06/28/2009 05:12 am ET Updated May 25, 2011

Advice to Gays: Know Thy Enemy

Although this week's decision by the California Supreme Court is understandably disappointing to proponents of same sex marriage, it should not be interpreted as any sort of disrespect to gays and their rights. Indeed, this is the very same court which last year ruled that gays do enjoy the right to marry under the California Constitution.

The just-decided case was about only whether the election results of Proposition 8 legally amended the California Constitution, and if so, where that leaves same sex couples who are already married. The plaintiffs presented the court with a very legalistic argument which hung on the premise that Proposition 8 called for a revision of the Constitution (which, by ballot initiative, is impermissible under state law) rather than an amendment (which is legal). The court ruled that pursuant to Proposition 8, the Constitution was amended in a lawful manner by California voters.

I am not equipped to evaluate the reasoning upon which today's decision is based, but I know this: Proponents of gay marriage need to get focused and figure out who their enemies are and are not.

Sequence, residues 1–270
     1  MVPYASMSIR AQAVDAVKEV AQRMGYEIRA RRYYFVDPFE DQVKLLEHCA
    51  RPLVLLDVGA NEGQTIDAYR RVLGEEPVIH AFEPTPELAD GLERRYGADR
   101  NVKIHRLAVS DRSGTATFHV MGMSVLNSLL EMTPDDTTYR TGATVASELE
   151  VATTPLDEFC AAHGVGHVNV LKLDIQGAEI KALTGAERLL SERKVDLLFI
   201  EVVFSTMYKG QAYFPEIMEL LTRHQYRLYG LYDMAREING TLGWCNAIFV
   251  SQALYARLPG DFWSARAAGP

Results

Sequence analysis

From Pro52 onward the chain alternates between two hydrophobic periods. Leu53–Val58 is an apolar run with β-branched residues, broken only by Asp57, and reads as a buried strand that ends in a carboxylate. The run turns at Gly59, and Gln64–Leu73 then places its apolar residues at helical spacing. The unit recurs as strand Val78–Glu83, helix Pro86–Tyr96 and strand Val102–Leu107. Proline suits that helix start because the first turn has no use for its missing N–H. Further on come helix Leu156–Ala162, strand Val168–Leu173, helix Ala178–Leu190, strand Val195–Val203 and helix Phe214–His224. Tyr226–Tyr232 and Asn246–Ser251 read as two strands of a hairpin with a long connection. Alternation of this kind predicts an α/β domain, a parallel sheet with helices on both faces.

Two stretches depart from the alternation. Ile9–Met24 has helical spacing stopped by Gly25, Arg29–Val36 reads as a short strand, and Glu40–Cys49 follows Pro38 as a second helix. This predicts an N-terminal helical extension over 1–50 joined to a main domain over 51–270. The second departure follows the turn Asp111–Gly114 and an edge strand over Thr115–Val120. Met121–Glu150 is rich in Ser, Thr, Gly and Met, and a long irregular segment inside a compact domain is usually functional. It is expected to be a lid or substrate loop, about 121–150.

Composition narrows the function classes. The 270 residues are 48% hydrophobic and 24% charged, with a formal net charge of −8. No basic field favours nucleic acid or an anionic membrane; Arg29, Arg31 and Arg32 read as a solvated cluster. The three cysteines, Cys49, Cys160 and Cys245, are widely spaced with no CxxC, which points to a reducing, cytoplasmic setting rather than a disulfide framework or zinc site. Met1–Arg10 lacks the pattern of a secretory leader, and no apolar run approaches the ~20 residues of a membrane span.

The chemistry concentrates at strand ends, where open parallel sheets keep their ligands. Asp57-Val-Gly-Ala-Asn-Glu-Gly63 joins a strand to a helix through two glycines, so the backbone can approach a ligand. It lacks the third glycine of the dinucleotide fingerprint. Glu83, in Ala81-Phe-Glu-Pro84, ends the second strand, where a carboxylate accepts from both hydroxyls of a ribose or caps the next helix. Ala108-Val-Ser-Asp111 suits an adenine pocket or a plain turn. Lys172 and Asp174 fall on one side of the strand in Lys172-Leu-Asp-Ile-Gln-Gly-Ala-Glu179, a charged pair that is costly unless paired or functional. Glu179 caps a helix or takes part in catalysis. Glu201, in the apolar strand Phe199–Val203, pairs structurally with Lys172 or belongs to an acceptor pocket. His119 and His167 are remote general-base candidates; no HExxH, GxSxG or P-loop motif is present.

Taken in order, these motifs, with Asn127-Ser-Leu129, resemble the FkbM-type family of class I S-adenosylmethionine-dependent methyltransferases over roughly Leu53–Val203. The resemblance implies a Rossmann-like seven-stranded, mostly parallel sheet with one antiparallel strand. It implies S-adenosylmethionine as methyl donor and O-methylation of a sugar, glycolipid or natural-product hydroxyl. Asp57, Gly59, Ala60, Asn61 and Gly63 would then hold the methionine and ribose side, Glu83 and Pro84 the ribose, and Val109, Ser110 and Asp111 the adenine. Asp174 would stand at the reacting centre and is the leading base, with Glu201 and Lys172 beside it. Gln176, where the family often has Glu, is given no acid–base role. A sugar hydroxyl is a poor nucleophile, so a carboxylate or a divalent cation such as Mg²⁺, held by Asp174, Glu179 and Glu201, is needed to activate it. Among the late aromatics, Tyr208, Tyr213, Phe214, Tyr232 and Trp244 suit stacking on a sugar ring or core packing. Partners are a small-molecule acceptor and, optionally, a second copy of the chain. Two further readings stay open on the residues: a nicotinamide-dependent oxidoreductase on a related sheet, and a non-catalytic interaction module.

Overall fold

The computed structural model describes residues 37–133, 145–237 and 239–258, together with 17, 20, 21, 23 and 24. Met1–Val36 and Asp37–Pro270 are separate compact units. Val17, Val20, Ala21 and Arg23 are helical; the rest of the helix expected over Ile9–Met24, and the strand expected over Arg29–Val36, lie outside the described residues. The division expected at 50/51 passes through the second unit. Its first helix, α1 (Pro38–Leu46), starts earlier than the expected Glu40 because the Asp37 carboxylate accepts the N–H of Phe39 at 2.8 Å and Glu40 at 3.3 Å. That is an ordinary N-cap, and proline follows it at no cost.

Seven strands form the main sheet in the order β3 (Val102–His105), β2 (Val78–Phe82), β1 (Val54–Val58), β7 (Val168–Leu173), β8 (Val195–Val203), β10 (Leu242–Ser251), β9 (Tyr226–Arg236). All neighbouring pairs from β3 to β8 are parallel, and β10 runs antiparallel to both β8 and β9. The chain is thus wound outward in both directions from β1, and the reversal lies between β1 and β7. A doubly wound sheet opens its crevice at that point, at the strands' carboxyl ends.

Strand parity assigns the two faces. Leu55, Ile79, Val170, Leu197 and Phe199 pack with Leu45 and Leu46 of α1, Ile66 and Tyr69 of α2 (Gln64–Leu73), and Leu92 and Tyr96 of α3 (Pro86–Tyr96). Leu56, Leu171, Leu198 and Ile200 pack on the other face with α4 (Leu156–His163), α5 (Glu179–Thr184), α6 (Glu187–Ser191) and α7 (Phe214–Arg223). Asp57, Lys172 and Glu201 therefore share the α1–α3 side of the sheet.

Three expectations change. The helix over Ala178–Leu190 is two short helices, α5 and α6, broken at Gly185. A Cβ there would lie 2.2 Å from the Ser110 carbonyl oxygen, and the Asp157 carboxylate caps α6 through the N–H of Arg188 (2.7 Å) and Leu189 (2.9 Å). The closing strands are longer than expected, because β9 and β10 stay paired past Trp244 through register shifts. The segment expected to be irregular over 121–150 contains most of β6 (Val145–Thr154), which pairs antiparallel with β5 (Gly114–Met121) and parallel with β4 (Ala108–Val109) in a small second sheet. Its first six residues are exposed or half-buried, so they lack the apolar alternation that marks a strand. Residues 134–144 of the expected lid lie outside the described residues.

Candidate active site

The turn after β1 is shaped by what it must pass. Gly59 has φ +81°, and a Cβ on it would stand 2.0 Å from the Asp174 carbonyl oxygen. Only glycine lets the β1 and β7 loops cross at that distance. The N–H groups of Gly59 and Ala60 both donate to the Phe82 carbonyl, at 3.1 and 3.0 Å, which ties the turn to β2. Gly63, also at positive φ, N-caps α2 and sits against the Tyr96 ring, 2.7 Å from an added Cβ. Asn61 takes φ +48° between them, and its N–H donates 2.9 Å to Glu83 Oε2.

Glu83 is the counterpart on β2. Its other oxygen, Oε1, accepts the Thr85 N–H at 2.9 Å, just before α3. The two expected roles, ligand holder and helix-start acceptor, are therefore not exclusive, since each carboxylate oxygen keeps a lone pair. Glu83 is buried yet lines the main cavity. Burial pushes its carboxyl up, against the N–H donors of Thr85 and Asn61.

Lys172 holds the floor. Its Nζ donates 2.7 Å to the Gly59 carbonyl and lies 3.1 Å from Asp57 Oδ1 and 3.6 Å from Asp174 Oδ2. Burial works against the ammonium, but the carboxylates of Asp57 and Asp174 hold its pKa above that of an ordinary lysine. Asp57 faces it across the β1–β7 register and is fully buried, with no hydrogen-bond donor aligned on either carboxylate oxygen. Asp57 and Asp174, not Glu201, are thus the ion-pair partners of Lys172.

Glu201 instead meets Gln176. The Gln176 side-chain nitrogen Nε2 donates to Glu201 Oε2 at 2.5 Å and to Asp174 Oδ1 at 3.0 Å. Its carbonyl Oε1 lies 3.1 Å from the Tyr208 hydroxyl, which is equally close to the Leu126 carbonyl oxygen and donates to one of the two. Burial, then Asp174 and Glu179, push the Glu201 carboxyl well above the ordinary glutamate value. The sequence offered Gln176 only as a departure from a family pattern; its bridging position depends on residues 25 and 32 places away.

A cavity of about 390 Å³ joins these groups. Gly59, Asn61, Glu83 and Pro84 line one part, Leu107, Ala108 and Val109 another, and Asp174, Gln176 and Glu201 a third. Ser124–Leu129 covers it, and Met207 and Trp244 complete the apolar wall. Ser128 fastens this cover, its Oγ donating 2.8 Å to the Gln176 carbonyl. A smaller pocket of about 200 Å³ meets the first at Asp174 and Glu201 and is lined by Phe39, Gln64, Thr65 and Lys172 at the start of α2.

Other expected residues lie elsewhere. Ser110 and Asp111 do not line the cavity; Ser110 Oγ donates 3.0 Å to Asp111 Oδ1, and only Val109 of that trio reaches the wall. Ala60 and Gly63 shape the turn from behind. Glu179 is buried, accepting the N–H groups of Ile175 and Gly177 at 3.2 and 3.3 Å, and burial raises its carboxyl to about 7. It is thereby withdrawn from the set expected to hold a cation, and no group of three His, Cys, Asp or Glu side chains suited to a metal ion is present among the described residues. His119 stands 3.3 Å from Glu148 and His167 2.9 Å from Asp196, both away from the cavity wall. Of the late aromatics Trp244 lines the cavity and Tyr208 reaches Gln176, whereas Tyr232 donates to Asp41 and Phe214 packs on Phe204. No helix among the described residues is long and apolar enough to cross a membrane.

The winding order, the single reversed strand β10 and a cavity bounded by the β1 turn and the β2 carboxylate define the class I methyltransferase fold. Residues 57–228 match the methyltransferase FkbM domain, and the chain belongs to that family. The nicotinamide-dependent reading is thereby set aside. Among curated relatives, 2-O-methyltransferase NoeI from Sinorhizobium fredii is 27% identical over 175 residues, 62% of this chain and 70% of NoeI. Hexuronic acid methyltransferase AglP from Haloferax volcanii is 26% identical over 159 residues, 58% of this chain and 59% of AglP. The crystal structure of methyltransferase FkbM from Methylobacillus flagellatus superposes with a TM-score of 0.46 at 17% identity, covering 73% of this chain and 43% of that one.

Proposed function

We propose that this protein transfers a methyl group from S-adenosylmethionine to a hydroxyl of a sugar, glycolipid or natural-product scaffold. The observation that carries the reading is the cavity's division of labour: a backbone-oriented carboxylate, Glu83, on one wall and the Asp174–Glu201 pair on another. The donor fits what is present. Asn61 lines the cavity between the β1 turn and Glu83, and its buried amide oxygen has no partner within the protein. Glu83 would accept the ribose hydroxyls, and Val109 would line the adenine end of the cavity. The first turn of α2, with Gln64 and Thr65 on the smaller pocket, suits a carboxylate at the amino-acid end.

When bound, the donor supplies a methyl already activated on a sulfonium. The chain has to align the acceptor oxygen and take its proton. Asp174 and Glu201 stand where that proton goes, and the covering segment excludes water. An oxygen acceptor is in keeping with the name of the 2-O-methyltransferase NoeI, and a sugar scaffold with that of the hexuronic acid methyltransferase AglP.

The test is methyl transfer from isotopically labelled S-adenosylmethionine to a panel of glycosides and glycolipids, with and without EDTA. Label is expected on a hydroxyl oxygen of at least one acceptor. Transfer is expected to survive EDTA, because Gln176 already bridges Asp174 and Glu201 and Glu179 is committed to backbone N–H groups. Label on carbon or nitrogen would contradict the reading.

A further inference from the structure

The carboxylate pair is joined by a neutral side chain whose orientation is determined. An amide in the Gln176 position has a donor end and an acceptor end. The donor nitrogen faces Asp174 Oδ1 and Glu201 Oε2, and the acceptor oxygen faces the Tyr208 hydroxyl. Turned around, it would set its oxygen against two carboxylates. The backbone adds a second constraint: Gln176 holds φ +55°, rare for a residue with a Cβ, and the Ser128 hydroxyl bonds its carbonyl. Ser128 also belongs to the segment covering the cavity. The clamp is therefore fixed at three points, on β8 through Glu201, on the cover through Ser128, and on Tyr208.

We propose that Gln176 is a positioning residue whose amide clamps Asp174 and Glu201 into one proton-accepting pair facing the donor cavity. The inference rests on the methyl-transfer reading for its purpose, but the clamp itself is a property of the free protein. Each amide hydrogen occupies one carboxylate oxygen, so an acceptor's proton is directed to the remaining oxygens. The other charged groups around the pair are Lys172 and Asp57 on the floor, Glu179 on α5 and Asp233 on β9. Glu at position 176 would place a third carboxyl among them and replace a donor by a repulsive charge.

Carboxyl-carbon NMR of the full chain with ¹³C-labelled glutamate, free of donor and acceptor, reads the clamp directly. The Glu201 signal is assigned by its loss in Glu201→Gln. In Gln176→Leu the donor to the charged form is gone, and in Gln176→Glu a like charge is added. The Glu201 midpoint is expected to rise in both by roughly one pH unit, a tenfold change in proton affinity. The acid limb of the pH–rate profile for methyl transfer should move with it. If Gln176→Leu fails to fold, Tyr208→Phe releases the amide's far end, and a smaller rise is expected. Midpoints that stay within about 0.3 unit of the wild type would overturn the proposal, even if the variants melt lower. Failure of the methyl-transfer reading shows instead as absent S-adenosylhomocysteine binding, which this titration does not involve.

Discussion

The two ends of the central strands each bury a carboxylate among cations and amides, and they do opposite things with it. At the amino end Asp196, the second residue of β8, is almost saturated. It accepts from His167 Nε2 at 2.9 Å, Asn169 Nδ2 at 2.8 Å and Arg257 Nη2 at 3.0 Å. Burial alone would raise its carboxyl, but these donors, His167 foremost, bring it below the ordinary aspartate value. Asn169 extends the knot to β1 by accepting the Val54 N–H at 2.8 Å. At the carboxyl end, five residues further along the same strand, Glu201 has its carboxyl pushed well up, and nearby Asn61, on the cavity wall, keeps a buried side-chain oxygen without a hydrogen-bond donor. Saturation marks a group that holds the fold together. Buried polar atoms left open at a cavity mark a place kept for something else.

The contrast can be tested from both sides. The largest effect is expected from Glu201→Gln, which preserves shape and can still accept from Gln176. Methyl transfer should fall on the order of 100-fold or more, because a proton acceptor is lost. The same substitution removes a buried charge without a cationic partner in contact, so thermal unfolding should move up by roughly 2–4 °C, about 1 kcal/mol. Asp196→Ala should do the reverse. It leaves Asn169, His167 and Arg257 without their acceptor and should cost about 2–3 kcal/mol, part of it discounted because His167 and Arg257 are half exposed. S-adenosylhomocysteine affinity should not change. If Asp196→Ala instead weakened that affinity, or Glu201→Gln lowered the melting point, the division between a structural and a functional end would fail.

It appears that the public - or at least a huge portion of it - is the primary foe. Furthermore, it is not the role of courts to tell people how to vote. That is the job of gay rights advocates who are probably wasting their time and alienating potential allies by directing their rage at jurists who have acknowledged their constitutional right to marry.

The basic argument that everyone deserves to be treated equally is ultimately an unbeatable position. Gays and those who support them should stick to that message and do so on a national level instead of relying on the minutiae of state law to advance the cause. The U.S. military's "don't ask, don't tell" policy should be repudiated often and loudly, because it represents the only federal authorization to deny an oppressed minority equal status on the basis of oppressors feeling uncomfortable when the minority exercises its First Amendment rights.

When protesters take to the streets tonight and in the coming days, they will do themselves and their cause a disservice if all they do is denounce the California Supreme Court justices as a bunch of ignorant homophobes. Three simple words of advice: Know thy enemy.

Jeff Norman blogs at